The “sound of silence” might sound to some, in the same sense as the Procol Harem song, “Whiter Shade of Pale,” a play on words. But if you’ve ever been in a recording studio with no ventilation fans and experienced the hearing of nothing, then you know the sound of silence. Sometimes you can experience this when the power goes out and there are no refrigerator motors of fans, no electrical appliances or clocks buzzing and if you go outside, there seems to be a different sound than normal. There are no humming transmission boxes, nor power lines, nor air conditioning or heat pumps buzzing. And if your sensitive ears pick up radio waves or microwaves coursing through the ether, there is none of that either. It’s as if something has transformed a working world into an experience of being in the deep woods, or on the mountaintop with new fallen snow and no wind.
I’ve heard the sound of silence on a mountain, far above the crowd of skiers in deep snow, absorbing every sound. Those are the times we hear the sound of silence as if time has stood still; times of intense reflection, as solitude, “Wow! This is so cool. It’s great to be alive.” And as well, “What do I do now?”
As my daughter and grand daughters along with my son took off for the airport, she said, “I’ll leave you to solitude. Meaning I would be home alone without the kids or anyone else to bother me. That set the stage for me to sit outside and just contemplate being. Just sitting with nothing that had to be done…except writing of course.
Why write about solitude and clutter up an otherwise great experience listening to the sound of silence? Probably because solitude is so rare.
I remember my experience in the Fife Lake state forest of Michigan, an eighteen square mile reserve of forest and rivers. As a scout we used to go into the forest often, and camp by a small stream. Sometimes I’d go by myself and camp; pitch the tent, pull out gear for the overnight stay, and sit and just listen; hearing hawks in the day and owls at dusk or mourning doves in the morning. It was nature communicating with me. Now grown up old, it seems that the last camping trip to the Washington Okanogan Wilderness was less than the solitude I suppose I was expecting; parking the RV, setting up camp, going on a hike, getting the meal ready, getting a fire going getting the bed ready, hoping to sleep next to a loud cascading river, which drowned out all nature’s noises.
Perhaps it is not the camping that brings us solitude, but our attitude towards it. Some families come home from a busy day with a cacophony of sounds, and instead of basking in quietness, turn on the TV, not to look at, but to have sound break up the solitude as they busy themselves with home tasks and chores of getting dinner, doing dishes with a loud dishwasher.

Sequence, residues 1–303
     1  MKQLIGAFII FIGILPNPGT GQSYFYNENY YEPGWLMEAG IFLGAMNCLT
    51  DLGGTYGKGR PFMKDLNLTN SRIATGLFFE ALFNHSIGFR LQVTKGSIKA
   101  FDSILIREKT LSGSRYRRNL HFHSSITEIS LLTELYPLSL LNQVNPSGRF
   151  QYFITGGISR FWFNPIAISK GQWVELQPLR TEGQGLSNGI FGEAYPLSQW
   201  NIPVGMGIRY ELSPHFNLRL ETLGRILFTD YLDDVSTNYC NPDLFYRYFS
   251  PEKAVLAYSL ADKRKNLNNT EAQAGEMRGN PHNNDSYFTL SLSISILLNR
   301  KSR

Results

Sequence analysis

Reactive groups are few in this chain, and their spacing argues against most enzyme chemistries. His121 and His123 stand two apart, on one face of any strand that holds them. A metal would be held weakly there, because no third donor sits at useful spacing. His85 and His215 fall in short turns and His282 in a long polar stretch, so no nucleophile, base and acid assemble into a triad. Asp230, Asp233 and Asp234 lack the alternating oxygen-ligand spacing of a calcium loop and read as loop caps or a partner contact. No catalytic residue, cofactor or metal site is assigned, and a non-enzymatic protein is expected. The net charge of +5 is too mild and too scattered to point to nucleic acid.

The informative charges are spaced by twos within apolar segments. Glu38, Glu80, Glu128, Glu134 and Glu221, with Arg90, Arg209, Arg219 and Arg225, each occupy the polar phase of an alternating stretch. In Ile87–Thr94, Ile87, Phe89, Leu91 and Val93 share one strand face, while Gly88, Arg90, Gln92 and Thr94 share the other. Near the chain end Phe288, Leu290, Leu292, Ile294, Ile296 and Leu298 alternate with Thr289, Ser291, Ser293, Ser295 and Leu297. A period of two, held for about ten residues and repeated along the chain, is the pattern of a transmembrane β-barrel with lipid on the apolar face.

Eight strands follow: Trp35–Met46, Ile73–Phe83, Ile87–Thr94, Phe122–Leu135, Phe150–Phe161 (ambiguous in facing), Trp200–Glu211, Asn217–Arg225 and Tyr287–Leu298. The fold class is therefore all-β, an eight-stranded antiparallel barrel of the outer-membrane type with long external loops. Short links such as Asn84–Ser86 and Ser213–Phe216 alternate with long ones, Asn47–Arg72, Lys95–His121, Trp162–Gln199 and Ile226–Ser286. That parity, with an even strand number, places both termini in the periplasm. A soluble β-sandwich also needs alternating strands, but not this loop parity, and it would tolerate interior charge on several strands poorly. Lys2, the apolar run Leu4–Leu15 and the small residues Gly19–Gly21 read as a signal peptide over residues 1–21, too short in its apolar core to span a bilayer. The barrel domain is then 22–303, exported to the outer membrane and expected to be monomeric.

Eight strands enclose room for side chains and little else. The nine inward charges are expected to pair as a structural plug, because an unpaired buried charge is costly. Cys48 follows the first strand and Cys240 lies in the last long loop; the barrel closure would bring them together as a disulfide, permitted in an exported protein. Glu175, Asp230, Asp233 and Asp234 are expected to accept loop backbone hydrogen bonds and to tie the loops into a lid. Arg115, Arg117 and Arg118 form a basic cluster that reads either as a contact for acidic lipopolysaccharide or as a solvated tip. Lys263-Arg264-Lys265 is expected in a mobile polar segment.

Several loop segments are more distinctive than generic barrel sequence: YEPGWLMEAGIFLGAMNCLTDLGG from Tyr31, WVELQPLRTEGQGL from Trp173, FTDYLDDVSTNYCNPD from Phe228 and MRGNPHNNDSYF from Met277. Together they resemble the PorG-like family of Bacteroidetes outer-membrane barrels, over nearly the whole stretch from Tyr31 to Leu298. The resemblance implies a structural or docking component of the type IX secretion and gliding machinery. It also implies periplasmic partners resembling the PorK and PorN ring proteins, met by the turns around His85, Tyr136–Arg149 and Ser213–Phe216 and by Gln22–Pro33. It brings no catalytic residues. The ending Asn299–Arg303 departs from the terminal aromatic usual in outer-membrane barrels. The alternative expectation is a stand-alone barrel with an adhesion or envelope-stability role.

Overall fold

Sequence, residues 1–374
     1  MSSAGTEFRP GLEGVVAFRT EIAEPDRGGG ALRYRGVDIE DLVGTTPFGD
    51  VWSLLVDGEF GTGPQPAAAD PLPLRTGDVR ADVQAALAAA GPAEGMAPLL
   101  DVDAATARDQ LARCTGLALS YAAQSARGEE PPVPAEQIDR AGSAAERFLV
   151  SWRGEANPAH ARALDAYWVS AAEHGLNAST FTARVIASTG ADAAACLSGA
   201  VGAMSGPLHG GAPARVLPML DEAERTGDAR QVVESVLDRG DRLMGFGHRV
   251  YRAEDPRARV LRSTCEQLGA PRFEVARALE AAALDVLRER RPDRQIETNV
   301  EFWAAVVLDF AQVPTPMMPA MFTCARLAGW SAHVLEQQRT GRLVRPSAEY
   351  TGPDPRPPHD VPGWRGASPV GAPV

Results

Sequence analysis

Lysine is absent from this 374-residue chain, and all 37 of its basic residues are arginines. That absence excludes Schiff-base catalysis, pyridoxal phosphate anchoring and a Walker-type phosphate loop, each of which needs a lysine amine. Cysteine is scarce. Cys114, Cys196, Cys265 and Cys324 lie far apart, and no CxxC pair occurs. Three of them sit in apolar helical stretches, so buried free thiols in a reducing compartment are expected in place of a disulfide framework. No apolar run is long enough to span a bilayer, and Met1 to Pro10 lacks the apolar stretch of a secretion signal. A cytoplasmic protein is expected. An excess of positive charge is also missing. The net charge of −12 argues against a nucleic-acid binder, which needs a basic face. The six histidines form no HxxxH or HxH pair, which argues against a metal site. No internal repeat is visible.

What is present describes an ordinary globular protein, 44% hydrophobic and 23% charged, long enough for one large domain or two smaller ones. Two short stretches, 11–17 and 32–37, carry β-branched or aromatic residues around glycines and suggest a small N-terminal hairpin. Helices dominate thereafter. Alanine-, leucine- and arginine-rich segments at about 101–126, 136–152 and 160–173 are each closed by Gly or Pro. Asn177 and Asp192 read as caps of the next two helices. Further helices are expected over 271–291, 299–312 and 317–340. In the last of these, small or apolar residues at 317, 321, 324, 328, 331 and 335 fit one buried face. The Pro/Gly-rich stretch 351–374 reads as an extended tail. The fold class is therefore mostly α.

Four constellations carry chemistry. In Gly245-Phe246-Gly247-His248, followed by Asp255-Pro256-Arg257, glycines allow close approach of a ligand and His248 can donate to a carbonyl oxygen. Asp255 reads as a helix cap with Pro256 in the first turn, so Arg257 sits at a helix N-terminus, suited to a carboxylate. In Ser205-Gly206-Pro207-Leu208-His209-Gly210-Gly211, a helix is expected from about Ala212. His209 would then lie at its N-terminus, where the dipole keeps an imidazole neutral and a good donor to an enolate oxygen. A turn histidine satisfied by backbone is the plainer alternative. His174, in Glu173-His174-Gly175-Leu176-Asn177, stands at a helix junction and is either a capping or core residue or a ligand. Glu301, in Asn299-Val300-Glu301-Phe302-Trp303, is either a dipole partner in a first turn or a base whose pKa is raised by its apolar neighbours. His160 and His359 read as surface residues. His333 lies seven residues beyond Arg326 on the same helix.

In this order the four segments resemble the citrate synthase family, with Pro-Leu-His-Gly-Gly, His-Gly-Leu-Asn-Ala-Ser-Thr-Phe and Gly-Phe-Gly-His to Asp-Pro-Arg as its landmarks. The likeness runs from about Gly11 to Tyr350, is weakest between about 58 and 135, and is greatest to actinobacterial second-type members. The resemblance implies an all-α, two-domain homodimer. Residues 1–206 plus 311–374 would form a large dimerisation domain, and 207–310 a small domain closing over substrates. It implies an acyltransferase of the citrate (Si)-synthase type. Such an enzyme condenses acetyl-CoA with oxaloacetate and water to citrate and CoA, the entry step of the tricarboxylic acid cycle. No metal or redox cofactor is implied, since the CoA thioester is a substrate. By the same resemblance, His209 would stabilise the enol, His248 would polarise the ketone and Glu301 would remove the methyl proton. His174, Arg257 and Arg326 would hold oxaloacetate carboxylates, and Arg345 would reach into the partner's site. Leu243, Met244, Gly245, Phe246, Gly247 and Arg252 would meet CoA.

One has to wonder why we do this to ourselves; busy surfing through TV channels, doing more than one chore at a time, making more phone calls, dad on one cell phone, mom on the other, and kids making noises for want of attention.
The cacophony of sound in the home is perhaps more stressful than that at work and whatever the problems, even small ones, or thoughts, are drowned out and can’t take on their respective places. More stress is garnered from the TV news which tries to tell us “How awful it is.” To top all that, we have electronic gismos such as iPods that let us listen to radio or music where ever we are while doing other things, not paying attention to any one of them, maybe. Or perhaps all the concurrent sound allows us to concentrate more fully, like working in a room full of typists all clicking away at typewriters, whereas, it is harder to concentrate when only one typewriter is going clickity-clack randomly.
It is rare that we get far away from noise, what with the roadways leading everywhere, full of engines and tires that hum, yards with leaf blowers, power tools, compressors, diggers, scrapers, and even generators on the RVs at campsites. When we do have occasions to experience solitude, few don’t know how to let it happen…we want to respond.
We need to stop everything, stop doing, and just be aware. Aware of the shape of that tree we see every day but wouldn’t be able to describe if asked. Aware of the train whistles in the distance and how they vary from one train to the next, perhaps wondering what it’s cargo is, where is it going, where is it coming from. Aware of the breeze making trees sing their separate songs and the dog barking at a movement in the weeds of the field.
Active solitude lets us have time to recognize the wonder of it all and can offer us joy of it all in an otherwise too busy agenda. So stop. Don’t Run. Don’t Walk. Stop anywhere from doing. Just be, and see and hear, and feel, and smell the wonders of things around you.
Christmas should be your time of solitude…to wonder. Let that peace bring you joy at being alive and part of it all.